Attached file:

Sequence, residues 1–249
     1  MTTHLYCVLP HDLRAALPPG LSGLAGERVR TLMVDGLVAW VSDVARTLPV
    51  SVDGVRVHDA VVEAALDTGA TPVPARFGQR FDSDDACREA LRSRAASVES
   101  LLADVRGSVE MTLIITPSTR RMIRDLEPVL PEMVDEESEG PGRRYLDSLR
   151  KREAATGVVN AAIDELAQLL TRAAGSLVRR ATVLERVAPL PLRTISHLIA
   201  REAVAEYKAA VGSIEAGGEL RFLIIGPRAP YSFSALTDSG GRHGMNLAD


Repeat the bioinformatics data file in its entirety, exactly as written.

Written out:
Sequence, residues 1–249
     1  MTTHLYCVLP HDLRAALPPG LSGLAGERVR TLMVDGLVAW VSDVARTLPV
    51  SVDGVRVHDA VVEAALDTGA TPVPARFGQR FDSDDACREA LRSRAASVES
   101  LLADVRGSVE MTLIITPSTR RMIRDLEPVL PEMVDEESEG PGRRYLDSLR
   151  KREAATGVVN AAIDELAQLL TRAAGSLVRR ATVLERVAPL PLRTISHLIA
   201  REAVAEYKAA VGSIEAGGEL RFLIIGPRAP YSFSALTDSG GRHGMNLAD